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Newly Diagnosed with Colon Cancer

Taking the First Steps

By

Updated May 24, 2012

Your mouth is dry, eyes wet and hands sweaty. Your doctor just informed you that you have colon cancer. There are few things that can tilt your world on its axis like a cancer diagnosis. Take a deep breath, especially if you have lost a loved one to cancer. Your cancer is not their cancer, nor is your outcome guaranteed to be the same. The scientific advancements, treatments and overall approach to dealing wtih colon cancer has vastly improved in the last decades.

Empower Yourself

You don't have to become an expert in the field of gastroenterology or oncology, but you should try to learn the basics about your cancer. Starting at square one, ask yourself how much you currently know about your colon and its function within your body. You can begin by reading the basics about colon cancer surgery and treatment options.

Once you understand the big picture, move on to specific treatment modalities including:

Ask Your Doctor Questions

Following the official diagnosis you will meet the doctor who will help you fight the cancer: the oncologist. This doctor is specially trained in the diagnosis and treatment of cancers. He or she will talk to you about the stage, grade and possible treatment options for your specific type of cancer. Start a list of questions for the oncologist and keep it somewhere highly visible. If you can't think of any questions consider these:

  • What is the stage and grade of my cancer?
  • What is the prognosis with this type of cancer?
  • How long will my treatment take?
  • Will I need anymore tests? When? What?
  • Am I a candidate for any studies?
  • What rate of success have you seen with this treatment and my cancer type?
  • Will I need to take time off of work?
  • What does my insurance cover?

Gather Your Social Support System

Even if you are a reclusive introvert, you may find yourself wishing for support during your first few months of treatment. If you set those support structures in place now they will be there for you when you need them. Your family, friends and coworkers may provide your personal support system, or you can choose to be anonymous and find support on the Internet. Many organizations offer free online support groups including:

This list is by no means exhaustive, but it's a great starting point to help you find the support you may need.

Embrace Your Healthcare Team

The medical treatment team is an ally in the fight against your colon cancer. These doctors, nurses and paraprofessionals are the guides on your roadmap to treatment. Never hesitate to ask one of these professionals a question about your health and well being.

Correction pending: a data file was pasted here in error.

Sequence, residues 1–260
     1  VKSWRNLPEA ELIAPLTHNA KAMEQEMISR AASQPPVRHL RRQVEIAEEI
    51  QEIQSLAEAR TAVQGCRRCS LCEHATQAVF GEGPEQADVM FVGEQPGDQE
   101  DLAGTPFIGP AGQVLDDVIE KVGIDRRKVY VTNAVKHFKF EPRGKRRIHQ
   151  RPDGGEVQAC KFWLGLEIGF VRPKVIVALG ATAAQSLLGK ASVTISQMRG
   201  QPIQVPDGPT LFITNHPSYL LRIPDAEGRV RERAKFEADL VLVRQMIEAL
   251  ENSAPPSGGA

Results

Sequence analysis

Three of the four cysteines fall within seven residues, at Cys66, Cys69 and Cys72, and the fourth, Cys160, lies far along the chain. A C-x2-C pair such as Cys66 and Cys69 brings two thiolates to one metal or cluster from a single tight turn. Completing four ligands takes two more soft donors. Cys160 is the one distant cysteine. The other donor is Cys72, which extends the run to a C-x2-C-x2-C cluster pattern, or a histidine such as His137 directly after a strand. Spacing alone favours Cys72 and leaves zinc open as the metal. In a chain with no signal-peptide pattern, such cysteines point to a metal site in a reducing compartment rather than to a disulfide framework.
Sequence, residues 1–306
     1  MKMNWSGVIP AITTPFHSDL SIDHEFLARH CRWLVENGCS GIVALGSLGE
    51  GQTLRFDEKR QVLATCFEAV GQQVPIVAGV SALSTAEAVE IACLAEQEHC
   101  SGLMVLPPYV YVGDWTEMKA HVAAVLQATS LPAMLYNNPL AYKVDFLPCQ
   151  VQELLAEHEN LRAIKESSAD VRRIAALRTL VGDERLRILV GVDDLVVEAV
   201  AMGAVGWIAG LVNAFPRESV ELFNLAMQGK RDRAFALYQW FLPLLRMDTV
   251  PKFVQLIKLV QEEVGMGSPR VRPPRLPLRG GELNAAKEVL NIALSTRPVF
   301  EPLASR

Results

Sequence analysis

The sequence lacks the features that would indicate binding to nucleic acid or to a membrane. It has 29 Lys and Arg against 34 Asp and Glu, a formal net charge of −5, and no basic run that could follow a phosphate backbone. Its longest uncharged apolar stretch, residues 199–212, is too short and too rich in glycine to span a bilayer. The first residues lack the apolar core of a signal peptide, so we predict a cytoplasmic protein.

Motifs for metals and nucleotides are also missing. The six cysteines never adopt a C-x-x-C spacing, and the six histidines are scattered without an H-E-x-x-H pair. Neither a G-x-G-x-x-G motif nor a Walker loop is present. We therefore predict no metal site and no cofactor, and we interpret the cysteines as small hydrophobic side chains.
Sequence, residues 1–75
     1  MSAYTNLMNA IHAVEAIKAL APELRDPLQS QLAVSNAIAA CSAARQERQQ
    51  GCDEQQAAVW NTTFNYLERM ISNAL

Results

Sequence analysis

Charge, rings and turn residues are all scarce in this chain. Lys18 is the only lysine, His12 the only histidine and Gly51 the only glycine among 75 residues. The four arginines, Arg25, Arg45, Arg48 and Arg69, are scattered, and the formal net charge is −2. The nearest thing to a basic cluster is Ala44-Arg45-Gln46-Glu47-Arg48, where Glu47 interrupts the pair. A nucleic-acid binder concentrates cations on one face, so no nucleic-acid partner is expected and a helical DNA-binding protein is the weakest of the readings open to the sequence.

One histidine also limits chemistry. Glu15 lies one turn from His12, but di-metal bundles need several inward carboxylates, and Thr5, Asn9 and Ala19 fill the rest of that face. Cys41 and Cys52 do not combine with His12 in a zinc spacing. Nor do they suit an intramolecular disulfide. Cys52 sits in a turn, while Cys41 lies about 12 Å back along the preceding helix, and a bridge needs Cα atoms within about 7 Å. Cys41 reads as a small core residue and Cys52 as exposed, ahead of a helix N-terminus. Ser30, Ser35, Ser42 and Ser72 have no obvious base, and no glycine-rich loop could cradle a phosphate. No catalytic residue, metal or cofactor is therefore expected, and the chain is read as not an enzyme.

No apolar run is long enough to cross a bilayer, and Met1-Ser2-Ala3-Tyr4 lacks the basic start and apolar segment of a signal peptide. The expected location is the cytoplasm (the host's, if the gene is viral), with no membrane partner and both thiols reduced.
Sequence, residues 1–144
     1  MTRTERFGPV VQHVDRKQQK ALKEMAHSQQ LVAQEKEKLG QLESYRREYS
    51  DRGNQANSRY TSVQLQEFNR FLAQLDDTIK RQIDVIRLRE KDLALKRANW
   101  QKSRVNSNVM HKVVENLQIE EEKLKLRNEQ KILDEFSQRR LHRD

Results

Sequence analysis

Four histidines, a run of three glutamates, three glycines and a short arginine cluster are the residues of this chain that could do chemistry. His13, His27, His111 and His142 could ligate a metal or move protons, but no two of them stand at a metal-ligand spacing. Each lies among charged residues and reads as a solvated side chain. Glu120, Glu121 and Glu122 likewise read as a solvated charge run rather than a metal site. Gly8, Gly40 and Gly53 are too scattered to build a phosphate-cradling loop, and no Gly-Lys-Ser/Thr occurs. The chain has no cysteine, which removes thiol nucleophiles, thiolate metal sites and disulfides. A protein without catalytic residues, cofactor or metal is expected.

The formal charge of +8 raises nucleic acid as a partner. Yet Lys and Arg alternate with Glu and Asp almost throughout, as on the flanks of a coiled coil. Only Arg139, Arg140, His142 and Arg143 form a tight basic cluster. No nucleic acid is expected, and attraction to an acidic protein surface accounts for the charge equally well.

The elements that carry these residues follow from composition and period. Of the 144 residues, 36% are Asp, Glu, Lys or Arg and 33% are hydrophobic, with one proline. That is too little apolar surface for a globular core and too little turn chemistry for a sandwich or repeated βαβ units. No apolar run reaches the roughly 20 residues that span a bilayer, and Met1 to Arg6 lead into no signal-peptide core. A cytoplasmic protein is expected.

Initiating the Difficult Conversations

When, where and how you address your new diagnosis with friends, coworkers and children is a very personal choice. The American Cancer Society provides some excellent tips defining ways to start a discussion with your children based on their developmental stage (and age). Although you do not technically have to disclose your illness with employers, it may pave the way if you need to take time off for treatments or recovery.

Preparing for the Worst, Hoping for the Best

Every cancer treatment has the potential for adverse or unwanted effects. Preparing yourself mentally and physically may help you from being blindsided. Depending on your scheduled treatment learn more about:

If you have young children or are a single parent, you may also need to consider implementing child care during your treatment. Allow yourself time to interview and select a caregiver that you are comfortable with, rather than waiting until the last minute and arbitrarily selecting someone.

Monitor Your Schedule

Consider investing in a smart phone if you are technologically savvy. Many smart phones offer calendars that can remind you of treatment appointments and have notepads for lists of doctor's names, your medications and questions. Some versions even support applications specifically for cancer patients including applications that track treatment, new trials and connect you to other survivors. If you're not on board with technology, it’s prudent to own a good calendar so that you can track appointments and treatment schedules.

Sources:

American Cancer Society. (2006). American Cancer Society's Complete Guide to Colorectal Cancer. Clifton Fields, NE: American Cancer Society.

American Cancer Society. (n.d.). How Should Children be Told That a Parent Has Cancer? Accessed May 17, 2012.

Melchor-Beaupre, R. (n.d.). Psychological Aspects of Coping with Cancer. Accessed from Clinical Psychology Associates of North Central Florida, PA on May 21, 2012.

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